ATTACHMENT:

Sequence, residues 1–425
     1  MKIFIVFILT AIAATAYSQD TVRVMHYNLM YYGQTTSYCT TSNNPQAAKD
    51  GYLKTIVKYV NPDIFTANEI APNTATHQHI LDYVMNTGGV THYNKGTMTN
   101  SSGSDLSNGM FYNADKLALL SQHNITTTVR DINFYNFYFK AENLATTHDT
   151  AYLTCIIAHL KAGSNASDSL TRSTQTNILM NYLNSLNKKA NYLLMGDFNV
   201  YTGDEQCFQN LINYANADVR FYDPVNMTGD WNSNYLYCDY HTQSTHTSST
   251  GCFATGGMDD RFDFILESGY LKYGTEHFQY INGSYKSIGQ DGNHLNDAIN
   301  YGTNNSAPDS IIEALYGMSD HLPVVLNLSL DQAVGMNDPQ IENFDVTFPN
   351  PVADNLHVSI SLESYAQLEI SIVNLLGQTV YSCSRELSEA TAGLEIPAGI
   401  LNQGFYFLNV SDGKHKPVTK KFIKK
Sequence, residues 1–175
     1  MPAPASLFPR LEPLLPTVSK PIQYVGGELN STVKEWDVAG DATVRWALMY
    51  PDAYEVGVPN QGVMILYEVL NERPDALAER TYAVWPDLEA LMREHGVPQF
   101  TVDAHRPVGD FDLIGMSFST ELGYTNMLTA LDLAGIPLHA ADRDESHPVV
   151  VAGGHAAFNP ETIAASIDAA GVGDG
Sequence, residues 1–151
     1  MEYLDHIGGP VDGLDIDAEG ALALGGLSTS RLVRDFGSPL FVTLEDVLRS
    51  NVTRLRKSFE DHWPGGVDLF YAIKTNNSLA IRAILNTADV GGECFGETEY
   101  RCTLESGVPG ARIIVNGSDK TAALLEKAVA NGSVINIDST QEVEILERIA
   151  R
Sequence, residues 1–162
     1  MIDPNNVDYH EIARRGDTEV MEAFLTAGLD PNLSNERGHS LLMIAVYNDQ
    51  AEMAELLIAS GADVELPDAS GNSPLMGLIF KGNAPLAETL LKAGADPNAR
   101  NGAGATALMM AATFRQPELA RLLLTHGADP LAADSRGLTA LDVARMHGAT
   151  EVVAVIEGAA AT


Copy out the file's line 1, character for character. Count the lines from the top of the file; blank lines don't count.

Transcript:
Sequence, residues 1–425